Charlotte Lee and Julie Kientz Awarded NSF Career Awards

Sunday, January 10, 2010

HCDE Professors Charlotte Lee and Julie Kientz have each been awarded NSF Career Awards. This is a superb honor for them both. The awards are for 4-5 years and will help support these young faculty members pursue their research interests and help establish them as premier researchers in their respective areas. "The NSF Career Award is a desirable prize for up and coming academics," said Lee. "We'd like to think that our research speaks for itself, but sometimes it can speak a little more loudly if you have an award like this."

Dr. Lee's award is entitled: Interacting with Cyberinfrastructure in the Face of Changing Science.

With this award, she will be developing a framework for understanding the set of sociotechnical relationships that comprise cyberinfrastructure (CI). The technical challenges of cyberinfrastructure are already so demanding that projects often have little time to engage reflexively on how cyberinfrastructures are used and created in the current state of rapid scientific change in which the necessity of data sharing and multidisciplinary approaches is putting pressure on disciplinary boundaries.

Dr. Lee’s project will study:

  • How scientists and engineers decide which cyberinfrastructure resources (e.g., databases and tools) to use and under what circumstances
  • Under what circumstances do scientists and engineers decide to create their own resources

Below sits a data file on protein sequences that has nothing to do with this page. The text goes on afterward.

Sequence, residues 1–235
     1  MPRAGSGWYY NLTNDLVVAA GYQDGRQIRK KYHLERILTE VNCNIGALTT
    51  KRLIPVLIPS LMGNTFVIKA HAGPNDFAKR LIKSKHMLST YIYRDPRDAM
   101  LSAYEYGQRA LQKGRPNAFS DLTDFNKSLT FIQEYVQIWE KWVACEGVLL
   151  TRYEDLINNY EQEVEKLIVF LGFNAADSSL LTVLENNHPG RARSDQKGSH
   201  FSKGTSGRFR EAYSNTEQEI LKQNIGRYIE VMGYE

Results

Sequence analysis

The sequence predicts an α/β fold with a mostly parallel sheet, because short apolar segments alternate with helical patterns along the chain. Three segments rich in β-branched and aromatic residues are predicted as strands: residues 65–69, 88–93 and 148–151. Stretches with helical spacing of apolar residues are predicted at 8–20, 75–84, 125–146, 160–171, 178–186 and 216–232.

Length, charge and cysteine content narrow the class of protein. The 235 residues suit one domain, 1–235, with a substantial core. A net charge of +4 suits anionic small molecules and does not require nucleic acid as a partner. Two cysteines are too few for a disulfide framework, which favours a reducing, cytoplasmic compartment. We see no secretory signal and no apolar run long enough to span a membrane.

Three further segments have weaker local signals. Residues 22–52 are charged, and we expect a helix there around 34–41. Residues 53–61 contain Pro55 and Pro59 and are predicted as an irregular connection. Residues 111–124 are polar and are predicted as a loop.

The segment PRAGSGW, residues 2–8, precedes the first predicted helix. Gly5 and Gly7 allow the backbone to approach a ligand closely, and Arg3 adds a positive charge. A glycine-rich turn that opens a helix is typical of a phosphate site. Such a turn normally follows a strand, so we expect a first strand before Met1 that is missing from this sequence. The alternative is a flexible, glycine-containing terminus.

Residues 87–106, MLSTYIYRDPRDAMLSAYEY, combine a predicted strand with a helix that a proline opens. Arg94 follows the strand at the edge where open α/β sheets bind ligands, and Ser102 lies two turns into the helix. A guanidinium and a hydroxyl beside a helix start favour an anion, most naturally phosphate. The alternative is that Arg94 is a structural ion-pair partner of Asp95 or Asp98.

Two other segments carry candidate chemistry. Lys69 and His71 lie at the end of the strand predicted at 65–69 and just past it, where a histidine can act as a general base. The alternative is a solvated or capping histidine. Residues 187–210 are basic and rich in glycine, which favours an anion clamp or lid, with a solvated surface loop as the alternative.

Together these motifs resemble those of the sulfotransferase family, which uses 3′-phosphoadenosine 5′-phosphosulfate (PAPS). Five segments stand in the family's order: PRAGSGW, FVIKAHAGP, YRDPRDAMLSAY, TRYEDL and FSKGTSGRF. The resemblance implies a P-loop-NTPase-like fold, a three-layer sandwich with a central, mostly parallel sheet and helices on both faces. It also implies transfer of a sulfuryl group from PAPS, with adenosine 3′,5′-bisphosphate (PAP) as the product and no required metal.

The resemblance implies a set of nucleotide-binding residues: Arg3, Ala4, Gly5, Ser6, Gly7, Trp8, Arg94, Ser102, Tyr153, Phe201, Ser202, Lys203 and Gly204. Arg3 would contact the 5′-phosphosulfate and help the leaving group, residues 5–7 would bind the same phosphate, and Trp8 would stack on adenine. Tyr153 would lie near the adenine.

• How are scientists and engineers mixing disciplinary practices within their own laboratories
  • When do scientists and engineers adopt hybrid identities

Dr. Kientz's award is entitled: Healthy Families: Technology to Support the Health and Wellness of Young Children

Dr. Kientz's research will involve the design, development, and evaluation of the effectiveness of computing interventions to assist parents in ensuring the healthy development of their child. The research questions explored focus on whether new computing technologies can improve parent record-keeping and knowledge. Specifically, the research will result in three outcomes:

  • Discovery of design requirements for technologies to support the health of young children, especially for families from diverse and underserved populations.
  • A suite of three new technologies based on the design requirements that leverage mobile and social computing technologies for assisting parents of young children with tracking their child's health information and learning about children's health.
  • Validation of computing technology as a viable means of supporting parent recordkeeping and method to increase in parent knowledge and confidence in their child's developmental progress and improve parent-pediatrician communication.